Power up for your stroll with a pinolio purchased at the Nicaraguan cantina on the corner of Twelfth and Flagler. A cold cocoa drink made with sweet milk, it's just the jolt you'll want to get you on your way. Heading east on Flagler, you'll pass street peddlers and homeless immigrants working hard to collect those nickels and dimes for their main meal of the day -- a sixteen-ounce can of Schlitz Malt Liquor. At Tenth Avenue, Central American families are drawn to La Ideal, the Burdines of East Little Havana. The next few blocks feature empty lots and forsaken office buildings ripe for redevelopment. Then you traverse the Miami River via the Flagler drawbridge and head into the murky dead zone created by Interstate 95. As you emerge from the behemoth overpasses, signs of urban life beckon: the Miami-Dade Cultural Center, designed by famed architect Philip Johnson and quickly denounced for its intimidating, fortresslike isolation. But it's still home to the main library, the Historical Museum of Southern Florida, and the Miami Art Museum -- at least for the moment; the museums are plotting to abandon the place. Moving past the stately courthouse, you plunge into the teeming commercial center of the city. With its cacophony of blaring music, display-window strobe lights, luggage and electronic and shoe and jewelry and perfume stores, plus the street vendors and the alluring aromas from open kitchens, this stretch of Miami's signature thoroughfare could easily be mistaken for the main drag of most any Latin American capital city. Your journey ends at the entrance to Bayfront Park and the magnificent, panoramic views of Biscayne Bay. It's been less than two miles and a couple of hours or so, but you'll feel as though you've just toured the entire Western Hemisphere.

Nobody truly escapes reality via public transportation, not even on a long day's journey from Government Center to Aventura via Biscayne Boulevard (and on to Miami Beach if you want). Go surreal: Put the L'Avventura in your field trip to Aventura and turn this ride into a mind film. Friends afeared you've vanished to the point no one will ever find you, a cast of thousands, sights to behold or be filmed. Like Antonioni's dense tableaux, you may judge your encounter with mass transit as aggressively alienating and maddening in its slow pace, but by using your Truffaut-informed imagination (after steering clear of an aisle seat) and pretending you're chilling at Cinecitta instead, the vehicle transforms in that day-for-night way. As the Bluebird diesel rumbles north, downtown's hectic sets fall behind and the windows frame unbroken vistas of on-location neighborhoods -- housing, strip malls, construction sites, restaurants. Interestingly costumed extras appear, some more than once, making ominous eye contact or uninterpretable gestures. When you disembark at the mall, you will be astounded to discover that neither David Hemmings nor Monica Vitti is waiting to accompany you to the Gap. Ask the old woman in the heavy coat and sweater or the teenager appropriating black culture with his wardrobe but holding tight that platinum Visa just in case. Maybe Fellini should be your mental guide. At least until you enter the mall and walk head on into its 24-screen multiplex. A comedy turned tragic. So new wave.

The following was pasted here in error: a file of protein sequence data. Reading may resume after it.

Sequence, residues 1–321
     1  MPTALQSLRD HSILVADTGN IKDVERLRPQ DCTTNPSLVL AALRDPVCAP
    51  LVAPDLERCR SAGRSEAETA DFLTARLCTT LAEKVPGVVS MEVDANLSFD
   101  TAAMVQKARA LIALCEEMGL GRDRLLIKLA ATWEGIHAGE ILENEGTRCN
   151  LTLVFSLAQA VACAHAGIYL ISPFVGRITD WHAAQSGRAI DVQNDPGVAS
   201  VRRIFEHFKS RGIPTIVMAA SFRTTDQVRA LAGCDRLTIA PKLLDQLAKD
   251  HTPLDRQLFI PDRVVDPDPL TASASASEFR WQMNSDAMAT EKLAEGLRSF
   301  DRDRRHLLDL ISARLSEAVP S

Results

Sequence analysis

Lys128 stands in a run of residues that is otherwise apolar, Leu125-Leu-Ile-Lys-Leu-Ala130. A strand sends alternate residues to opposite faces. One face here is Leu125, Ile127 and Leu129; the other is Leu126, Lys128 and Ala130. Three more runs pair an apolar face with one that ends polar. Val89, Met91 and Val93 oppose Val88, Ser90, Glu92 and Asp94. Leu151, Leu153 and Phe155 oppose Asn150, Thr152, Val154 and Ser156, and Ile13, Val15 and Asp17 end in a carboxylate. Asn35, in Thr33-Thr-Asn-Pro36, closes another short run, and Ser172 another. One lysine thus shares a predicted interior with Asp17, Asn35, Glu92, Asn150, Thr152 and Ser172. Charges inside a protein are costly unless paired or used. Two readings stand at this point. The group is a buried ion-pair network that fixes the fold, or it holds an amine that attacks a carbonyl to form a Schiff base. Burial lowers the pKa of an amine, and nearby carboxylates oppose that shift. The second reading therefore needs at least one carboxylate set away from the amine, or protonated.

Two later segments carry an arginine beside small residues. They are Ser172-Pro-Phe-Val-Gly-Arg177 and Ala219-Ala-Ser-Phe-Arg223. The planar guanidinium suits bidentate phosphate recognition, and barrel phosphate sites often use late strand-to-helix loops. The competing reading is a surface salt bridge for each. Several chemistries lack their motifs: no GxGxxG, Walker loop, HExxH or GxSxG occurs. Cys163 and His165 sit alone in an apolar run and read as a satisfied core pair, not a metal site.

The event's original presenters -- Miami architect Willy Bermello, attorney Peter Yanowitch, and racing celebrity Emerson Fittipaldi -- fled the scene like a torqued-up Porsche when they sold their interest in the three-day extravaganza to Championship Auto Racing Teams (CART) for $1.2 million. Then, after wreaking havoc on the Biscayne Boulevard streetscape by removing architecturally significant pavers and relocating palm trees that had lined the boulevard since the Twenties, CART pulled the plug on the Miami race, citing losses of nearly ten million dollars. Left behind: a two-million-dollar oil slick of bills and debts owed to the City of Miami and other public agencies.

The event's original presenters -- Miami architect Willy Bermello, attorney Peter Yanowitch, and racing celebrity Emerson Fittipaldi -- fled the scene like a torqued-up Porsche when they sold their interest in the three-day extravaganza to Championship Auto Racing Teams (CART) for $1.2 million. Then, after wreaking havoc on the Biscayne Boulevard streetscape by removing architecturally significant pavers and relocating palm trees that had lined the boulevard since the Twenties, CART pulled the plug on the Miami race, citing losses of nearly ten million dollars. Left behind: a two-million-dollar oil slick of bills and debts owed to the City of Miami and other public agencies.